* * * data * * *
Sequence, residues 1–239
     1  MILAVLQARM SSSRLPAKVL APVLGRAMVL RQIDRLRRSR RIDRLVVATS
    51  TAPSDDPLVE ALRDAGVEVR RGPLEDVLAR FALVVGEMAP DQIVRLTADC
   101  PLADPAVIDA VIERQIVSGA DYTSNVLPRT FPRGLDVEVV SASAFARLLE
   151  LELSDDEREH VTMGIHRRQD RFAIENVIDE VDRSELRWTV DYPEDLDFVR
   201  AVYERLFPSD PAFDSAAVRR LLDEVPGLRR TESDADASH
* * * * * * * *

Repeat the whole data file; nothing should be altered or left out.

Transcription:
Sequence, residues 1–239
     1  MILAVLQARM SSSRLPAKVL APVLGRAMVL RQIDRLRRSR RIDRLVVATS
    51  TAPSDDPLVE ALRDAGVEVR RGPLEDVLAR FALVVGEMAP DQIVRLTADC
   101  PLADPAVIDA VIERQIVSGA DYTSNVLPRT FPRGLDVEVV SASAFARLLE
   151  LELSDDEREH VTMGIHRRQD RFAIENVIDE VDRSELRWTV DYPEDLDFVR
   201  AVYERLFPSD PAFDSAAVRR LLDEVPGLRR TESDADASH